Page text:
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Showing posts from October, 2009

The Magicians by Lev Grossman

GUNN: How do you avoid reality?
VIRGINIA: Money.  It cures everything but boredom and food cures boredom, so there you go.
Angel, "Happy Anniversary"

Several weeks ago, Publishers Weekly's science fiction blog got bent out of shape over the New York Timesreview of Lev Grossman's The Magicians, in which reviewer Michael Agger made statements like "Fantasy novels involve magic and are a little bit like magic themselves.  To work, they require of their readers a willingness to be fooled, to be gulled into a world of walking trees and talking lions.  They affect us most powerfully as teenagers, but then most of us move on to sterner, staider stuff."  Such generalizations, insisted blogger Josh Jasper, were "so demeaning towards the genre as to stand out" from even the Grey Lady's general inability to grok it, and represented the belief that "Fantasy novels are suitable for entertaining uncultured teenagers, and require sneering at to make sur…

Killer Kids(' Books): Two Novels

2008 was the year of the YA novel.  You could see it on the Hugo ballot, on bestseller lists, and on the blogosphere.  On a personal level, I see it in the fact that I'm still catching up to the year's crop, starting with a book that received ecstatic and effusive praise from many of my friends and most respected reviewers, Patrick Ness's The Knife of Never Letting Go.  To name but a few, Niall Harrison, Dan Hartland, and Adam Roberts have all raved about it, and Martin Lewis called it "the best effing science fiction novel I've read all year."  Taken together, these reviews build up a heavy burden of expectations that few novels could gracefully shoulder, and even as I was turning The Knife of Never Letting Go's first page I was preparing myself for the inevitable disappointment.  My reaction to the novel, however, turns out to be more complicated. Knife is a compelling, engrossing read.  I wolfed it down in a single sitting, and found myself genuinely a…

Inglourious Basterds: The Israeli Response

This post was inspired by Matt, who in the comments to my post about why I wouldn't be watching Quentin Tarantino's Holocaust action film, Inglourious Basterds, wondered what the Israeli critical and popular response to the film would be.  Which struck me as an interesting question, and hence this post.  All quotes are my translation from the Hebrew originals, and all links go to Hebrew sites.

The Tel Aviv weekly entertainment guide Achbar HaIr (City Mouse) publishes the Reviewers' Table, which ranks all films screening in the city according to the average star rating they received from nine different sources, including the three Hebrew language daily papers (Yediot Acharonot, Maariv, and Haaretz), the two Tel Aviv guides (Achbar HaIr and Time Out Tel Aviv), the two national TV and film guides (Pnai Plus and Rating), the free daily paper Israel Today and the military radio station Galei Tzahal.  English and Russian daily papers are not represented (though the Jerusalem Pos…

Thoughts on the New TV Season, 2009 Edition, Part 3

At long last, we've reached the end of this abysmal fallseason (well, not quite--the V pilot won't air until early next month). Progress reports on those shows I've stuck with: Community is coming into its own, albeit by making the main character the straight man and focusing on his reactions to the zany supporting staff, which a bit of a departure from the show's original premise but seems to be working; Glee has settled into a comfortable good-but-not-great zone, and I think it's time to give up on the hope that anyone other than the beautiful white leads is going to get a storyline; The Good Wife has been consistently good but, as I suspected, has turned into a client of the week show and is thus probably going to lose me; FlashForward has gone from flawed but potentially interesting to moronically, insultingly stupid, and is my first abandoned show of the season.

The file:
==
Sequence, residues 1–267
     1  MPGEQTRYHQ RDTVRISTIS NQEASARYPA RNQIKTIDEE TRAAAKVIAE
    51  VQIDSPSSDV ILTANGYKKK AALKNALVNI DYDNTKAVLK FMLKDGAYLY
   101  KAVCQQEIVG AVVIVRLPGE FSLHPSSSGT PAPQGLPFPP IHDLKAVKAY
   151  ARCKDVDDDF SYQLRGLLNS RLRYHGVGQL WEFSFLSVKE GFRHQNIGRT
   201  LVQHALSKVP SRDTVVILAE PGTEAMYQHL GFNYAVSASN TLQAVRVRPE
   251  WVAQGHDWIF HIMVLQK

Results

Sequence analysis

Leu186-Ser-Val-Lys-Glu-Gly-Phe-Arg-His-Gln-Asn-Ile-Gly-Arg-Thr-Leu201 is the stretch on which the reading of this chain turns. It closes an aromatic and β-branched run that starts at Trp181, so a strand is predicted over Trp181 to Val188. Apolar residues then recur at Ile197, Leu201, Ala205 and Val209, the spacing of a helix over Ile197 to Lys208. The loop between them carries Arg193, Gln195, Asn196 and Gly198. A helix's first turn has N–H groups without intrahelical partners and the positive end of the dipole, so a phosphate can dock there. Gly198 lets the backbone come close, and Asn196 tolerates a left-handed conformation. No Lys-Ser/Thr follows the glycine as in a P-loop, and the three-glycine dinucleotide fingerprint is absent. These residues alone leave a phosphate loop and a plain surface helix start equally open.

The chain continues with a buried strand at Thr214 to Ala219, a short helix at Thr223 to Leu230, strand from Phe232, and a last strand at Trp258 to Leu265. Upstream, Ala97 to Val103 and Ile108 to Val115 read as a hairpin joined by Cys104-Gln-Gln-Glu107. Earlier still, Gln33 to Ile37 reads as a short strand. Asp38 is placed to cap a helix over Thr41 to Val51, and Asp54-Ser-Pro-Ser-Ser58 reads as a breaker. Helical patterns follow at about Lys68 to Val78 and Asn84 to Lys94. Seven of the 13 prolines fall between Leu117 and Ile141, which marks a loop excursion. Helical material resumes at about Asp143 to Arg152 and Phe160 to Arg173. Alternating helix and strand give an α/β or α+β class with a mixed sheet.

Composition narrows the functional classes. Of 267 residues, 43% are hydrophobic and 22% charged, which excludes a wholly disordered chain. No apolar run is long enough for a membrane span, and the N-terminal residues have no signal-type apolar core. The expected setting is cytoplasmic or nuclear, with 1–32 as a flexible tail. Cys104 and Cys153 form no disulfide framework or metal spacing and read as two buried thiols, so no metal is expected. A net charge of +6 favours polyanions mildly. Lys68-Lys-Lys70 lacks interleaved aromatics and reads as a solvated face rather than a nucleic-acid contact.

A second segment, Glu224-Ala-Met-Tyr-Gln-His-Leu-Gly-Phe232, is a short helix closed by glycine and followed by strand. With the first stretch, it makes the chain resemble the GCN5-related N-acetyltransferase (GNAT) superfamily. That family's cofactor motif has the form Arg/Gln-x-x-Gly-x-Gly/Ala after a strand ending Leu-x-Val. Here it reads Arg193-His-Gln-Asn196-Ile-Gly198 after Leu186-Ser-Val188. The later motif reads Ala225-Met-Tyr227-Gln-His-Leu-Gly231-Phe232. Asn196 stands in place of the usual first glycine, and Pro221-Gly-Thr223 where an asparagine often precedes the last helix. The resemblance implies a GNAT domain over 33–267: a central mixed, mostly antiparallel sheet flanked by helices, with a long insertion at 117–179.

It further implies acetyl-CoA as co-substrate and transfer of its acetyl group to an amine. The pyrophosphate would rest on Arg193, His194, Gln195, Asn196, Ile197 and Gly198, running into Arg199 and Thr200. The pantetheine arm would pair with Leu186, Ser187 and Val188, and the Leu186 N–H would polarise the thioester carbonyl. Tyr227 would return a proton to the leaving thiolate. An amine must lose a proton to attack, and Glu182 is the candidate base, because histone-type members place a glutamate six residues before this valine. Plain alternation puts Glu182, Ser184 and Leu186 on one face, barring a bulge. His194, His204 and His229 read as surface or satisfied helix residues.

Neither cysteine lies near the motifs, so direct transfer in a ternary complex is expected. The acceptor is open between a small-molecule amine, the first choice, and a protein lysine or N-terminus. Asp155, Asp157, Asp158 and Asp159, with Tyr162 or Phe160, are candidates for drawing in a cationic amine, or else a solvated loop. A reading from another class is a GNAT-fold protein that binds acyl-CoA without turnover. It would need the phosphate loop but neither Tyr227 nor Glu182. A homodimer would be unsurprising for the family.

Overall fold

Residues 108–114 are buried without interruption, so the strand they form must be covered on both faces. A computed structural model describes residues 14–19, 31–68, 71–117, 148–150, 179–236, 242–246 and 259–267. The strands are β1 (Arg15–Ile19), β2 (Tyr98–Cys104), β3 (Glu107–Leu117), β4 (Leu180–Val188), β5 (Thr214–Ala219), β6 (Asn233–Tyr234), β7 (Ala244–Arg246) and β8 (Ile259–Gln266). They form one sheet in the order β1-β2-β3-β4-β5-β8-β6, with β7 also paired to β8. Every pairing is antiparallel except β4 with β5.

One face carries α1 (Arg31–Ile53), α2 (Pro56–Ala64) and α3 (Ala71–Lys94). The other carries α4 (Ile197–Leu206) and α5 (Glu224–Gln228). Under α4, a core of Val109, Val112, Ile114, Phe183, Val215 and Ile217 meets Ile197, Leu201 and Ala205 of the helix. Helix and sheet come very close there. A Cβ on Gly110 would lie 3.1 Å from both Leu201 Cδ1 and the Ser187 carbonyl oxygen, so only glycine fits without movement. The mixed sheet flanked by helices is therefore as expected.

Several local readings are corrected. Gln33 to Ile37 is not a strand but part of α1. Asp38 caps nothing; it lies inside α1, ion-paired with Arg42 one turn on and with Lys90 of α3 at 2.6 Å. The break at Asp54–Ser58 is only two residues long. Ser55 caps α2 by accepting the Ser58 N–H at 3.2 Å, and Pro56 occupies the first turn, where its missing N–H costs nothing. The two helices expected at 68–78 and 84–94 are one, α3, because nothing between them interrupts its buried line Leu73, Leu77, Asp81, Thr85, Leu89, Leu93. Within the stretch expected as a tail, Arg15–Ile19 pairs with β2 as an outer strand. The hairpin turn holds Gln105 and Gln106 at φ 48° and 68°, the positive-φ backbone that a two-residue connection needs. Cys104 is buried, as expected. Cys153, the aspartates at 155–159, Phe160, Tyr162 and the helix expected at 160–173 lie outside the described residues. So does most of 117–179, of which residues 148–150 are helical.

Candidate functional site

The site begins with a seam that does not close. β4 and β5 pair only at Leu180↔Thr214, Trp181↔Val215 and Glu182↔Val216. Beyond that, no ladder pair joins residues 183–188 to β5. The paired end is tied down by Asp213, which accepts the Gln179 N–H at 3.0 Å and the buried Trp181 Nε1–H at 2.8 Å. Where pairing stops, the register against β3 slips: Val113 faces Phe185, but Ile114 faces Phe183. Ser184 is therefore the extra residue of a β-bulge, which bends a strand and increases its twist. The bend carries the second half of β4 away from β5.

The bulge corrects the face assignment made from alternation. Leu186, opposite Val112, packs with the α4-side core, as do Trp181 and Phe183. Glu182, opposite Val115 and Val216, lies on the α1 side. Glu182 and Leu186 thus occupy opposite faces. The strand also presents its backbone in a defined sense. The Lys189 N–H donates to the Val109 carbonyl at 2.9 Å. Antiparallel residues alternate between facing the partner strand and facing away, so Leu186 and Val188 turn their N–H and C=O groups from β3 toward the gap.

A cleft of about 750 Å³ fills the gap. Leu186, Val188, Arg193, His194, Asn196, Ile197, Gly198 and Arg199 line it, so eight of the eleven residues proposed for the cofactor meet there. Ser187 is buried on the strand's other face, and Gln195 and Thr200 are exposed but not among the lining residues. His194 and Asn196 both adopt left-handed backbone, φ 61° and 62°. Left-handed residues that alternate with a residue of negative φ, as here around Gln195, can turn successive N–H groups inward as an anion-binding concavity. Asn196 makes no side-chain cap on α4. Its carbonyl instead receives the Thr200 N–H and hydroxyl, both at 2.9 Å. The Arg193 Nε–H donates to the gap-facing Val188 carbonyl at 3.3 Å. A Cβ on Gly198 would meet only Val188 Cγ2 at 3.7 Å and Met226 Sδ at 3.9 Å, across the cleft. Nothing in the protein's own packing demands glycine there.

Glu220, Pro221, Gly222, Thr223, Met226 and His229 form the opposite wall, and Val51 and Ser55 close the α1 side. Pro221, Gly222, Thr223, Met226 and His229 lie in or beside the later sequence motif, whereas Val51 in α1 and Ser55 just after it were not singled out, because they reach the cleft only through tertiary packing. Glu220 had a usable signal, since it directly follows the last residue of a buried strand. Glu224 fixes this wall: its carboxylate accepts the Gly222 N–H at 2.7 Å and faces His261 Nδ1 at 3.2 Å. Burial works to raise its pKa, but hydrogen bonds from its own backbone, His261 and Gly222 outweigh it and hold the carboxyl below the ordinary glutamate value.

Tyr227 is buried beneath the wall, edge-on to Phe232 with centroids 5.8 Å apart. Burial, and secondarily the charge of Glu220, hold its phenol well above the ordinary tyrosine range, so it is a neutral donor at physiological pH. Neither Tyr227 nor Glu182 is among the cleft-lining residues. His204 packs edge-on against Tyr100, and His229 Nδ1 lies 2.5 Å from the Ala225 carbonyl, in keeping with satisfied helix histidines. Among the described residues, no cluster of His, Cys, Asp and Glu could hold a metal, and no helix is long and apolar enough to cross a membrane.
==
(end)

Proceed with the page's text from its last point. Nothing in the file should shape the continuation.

Mercy, Trauma and Three Rivers - The fall's three new medical shows, each trying to find a fres…

Future History

Writing in The New Scientist several weeks ago, Kim Stanley Robinson caused a bit of a stir when he argued that the Booker juries were ignoring the best and most vibrant British literature by neglecting science fiction. These juries, Robinson wrote, "judge in ignorance and give their awards to what usually turn out to be historical novels."
Sometimes these are fine historical novels, written by tremendous writers; I particularly like Roddy Doyle, John Banville, Vikram Seth and Amitav Ghosh, and my favorite was Penelope Fitzgerald. But working, like all of us, in the rain shadow of the great modernists, they tend to do the same things the modernists did in smaller ways. A good new novel about the first world war, for instance, is still not going to tell us more than Parade's End by Ford Madox Ford. More importantly, these novels are not about now in the way science fiction is.There followed severaldiscussions about the relative merits of literary and science fiction, but …

Self Promotion of a Slightly Different Kind

Those of you attending Icon, the Israeli science fiction convention at the Tel Aviv Cinematheque, may be interested in a panel discussion I'll be participating in tomorrow. The title is A 2009 Model - Futuristic Feminine TV Action, and the topic is the intersection of woman and machine in recent television series, with a specific focus on three series: Dollhouse, The Sarah Connor Chronicles, and Caprica.

The panel is tomorrow, October 8th, at 19:00, in lecture hall 2 at the Eshkol Payis building near the Cinematheque. My fellow panelists are Dudi Goldman and Pnina Moldovno, and the moderator is Ziv Kitaro. As Worldcon taught me, it's hard to take detailed notes while participating in a discussion, but I will see if I can't put some summary up on the site. Either way, I hope to see you there.